Skip to content


Harry Cassin
Publisher and Editor

Andy Spalding
Senior Editor

Jessica Tillipman
Senior Editor

Bill Steinman
Senior Editor

Richard L. Cassin
Editor at Large

Elizabeth K. Spahn
Editor Emeritus

Cody Worthington
Contributing Editor

Julie DiMauro
Contributing Editor

Thomas Fox
Contributing Editor

Marc Alain Bohn
Contributing Editor

Bill Waite
Contributing Editor

Russell A. Stamets
Contributing Editor

Richard Bistrong
Contributing Editor

Eric Carlson
Contributing Editor

BSG Resources demands billions in damages from Rio Tinto for Guinea bribes

BSG Resources Limited said it sent a letter to Rio Tinto plc Monday alleging that Rio Tinto contributed to the loss of BSGR’s mining rights in Simandou, Guinea by paying bribes and making false allegations.

The 14-page “letter before action” provided to the FCPA Blog demanded a response from Rio Tinto by January 3, 2017, “including proposals to pay BSGR damages.”

BSGR said it will sue Rio Tinto in the UK High Court unless it receives a “satisfactory response” by the January 3 deadline.

The Guinea Simandou site contains the world’s biggest untapped iron-ore deposit.

“BSGR’s estimate of its loss runs to billions of U.S. dollars,” the letter said.

Last month Rio Tinto said in a U.S. securities filing that it suspended the chief executive of its energy and minerals division while it investigates more than $10.5 million paid to a consultant for the Simandou project.

Alan Davies was in charge of Simandou in 2011 when the payments for “advisory services” were allegedly made, according to Rio Tinto’s filing.

London-based Rio Tinto said it learned about the payments in August this year from internal email correspondence.

BSGR cited some of those emails and quoted from them in its letter Monday.

Rio Tinto’s Legal & Regulatory Affairs group executive Debra Valentine stepped down last month. She previously notified the company of her intention to retire on May 1, 2017.

BSGR said in Monday’s letter that Rio Tinto “paid a facilitation fee / bribe to Francois de Combret in return for assistance with negotiations with [Guinea’s president] Alpha Condé, his son Mohamed Condé, and the [government of Guinea].”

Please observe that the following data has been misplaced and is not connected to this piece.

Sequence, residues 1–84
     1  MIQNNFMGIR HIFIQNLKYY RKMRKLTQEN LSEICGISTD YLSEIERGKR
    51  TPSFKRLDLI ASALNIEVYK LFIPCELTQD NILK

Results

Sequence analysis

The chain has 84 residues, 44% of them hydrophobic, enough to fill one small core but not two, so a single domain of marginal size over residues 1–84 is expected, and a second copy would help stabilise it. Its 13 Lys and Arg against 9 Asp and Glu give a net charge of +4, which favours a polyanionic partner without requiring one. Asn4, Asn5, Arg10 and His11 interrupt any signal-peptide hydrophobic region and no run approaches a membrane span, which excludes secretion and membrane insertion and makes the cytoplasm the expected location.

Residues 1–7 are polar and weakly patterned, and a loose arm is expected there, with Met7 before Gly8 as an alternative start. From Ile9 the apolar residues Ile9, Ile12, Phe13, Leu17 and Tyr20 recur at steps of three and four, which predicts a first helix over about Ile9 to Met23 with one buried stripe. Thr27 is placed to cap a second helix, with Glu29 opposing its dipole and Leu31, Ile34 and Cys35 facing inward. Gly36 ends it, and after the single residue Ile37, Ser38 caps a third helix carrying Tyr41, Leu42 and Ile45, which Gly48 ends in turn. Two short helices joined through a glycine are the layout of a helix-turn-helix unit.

BSGR said Guinea then awarded mining rights to Rio Tinto. “This was only possible by means of a facilitation fee / bribe paid to Francois de Combret,” the letter said.

BSGR is the mining arm of Israeli billonaire Beny Steinmetz’s family-controlled conglomerate.

In addition to the alleged bribe, BSGR said Rio Tinto spread false information to Guinea officials about Steinmetz.

The BSGR letter said a delegation from Rio Tinto met with Guinea’s mining minister in early 2009.

The letter said,

The delegation made very serious allegations of corruption against BSGR, although they did not provide any evidence in support of their allegations. These included that BSGR was a corrupt organisation involved in arms trading, that Beny Steinmetz’s French passport had been revoked on account of his connection to corruption, that no major bank was prepared to do business with BSGR and that the company had no experience in the mining sector.

“There was no truth to those allegations at all, as Rio Tinto well knew,” BSGR said in Monday’s letter.

The government of Guinea stripped Rio Tinto of half the Simandou project in 2008 for alleged non-performance.

The rights then went to BSGR. BSGR teamed up with Brazil’s Vale SA to acquire control of Simandou.

But Rio Tinto won the rights back in 2011 after the Guinea government stripped them from BSGR and Vale, alleging the companies had acquired them illegally.

In November last year, a U.S. federal judge dismissed a RICO lawsuit filed by Rio Tinto that alleged Steinmetz and BSGR conspired to steal the Simandou project.

U.S. District Judge Richard Berman in New York ruled that Rio Tinto’s claims in 2014 were barred by the four-year statute of limitations.

The judge also said Rio Tinto failed to alleged ia pattern of racketeering activity by the defendants that could support a RICO claim.

BSGR and Vale have denied any wrongdoing.

In Monday’s letter, BSGR said the “revocation of Rio Tinto’s rights in Simandou Blocks 1 and 2 had nothing to do with BSGR, and everything to do with Rio Tinto’s breaches of the 1995 Mining Code and its persistent failure to develop its iron ore project.”

“The [government of Guinea] made this absolutely clear at the time, and subsequent legal advice to President Condé confirmed it. However, from the start Rio Tinto held BSGR responsible and set out to recover its rights,” the letter said.

UK practice rules require so-called “pre-action” letters before certain civil lawsuits can be filed.

BSGR said its letter to Rio Tinto set out the basis for claims for “inducement to breach a contract and intentionally causing loss by unlawful means.”

*     *     *

BSGR’s December 12, 2016 letter before action to Rio Tinto plc is here (pdf).


Richard L. Cassin is the publisher and editor of the FCPA Blog.

Share this post


Comments are closed for this article!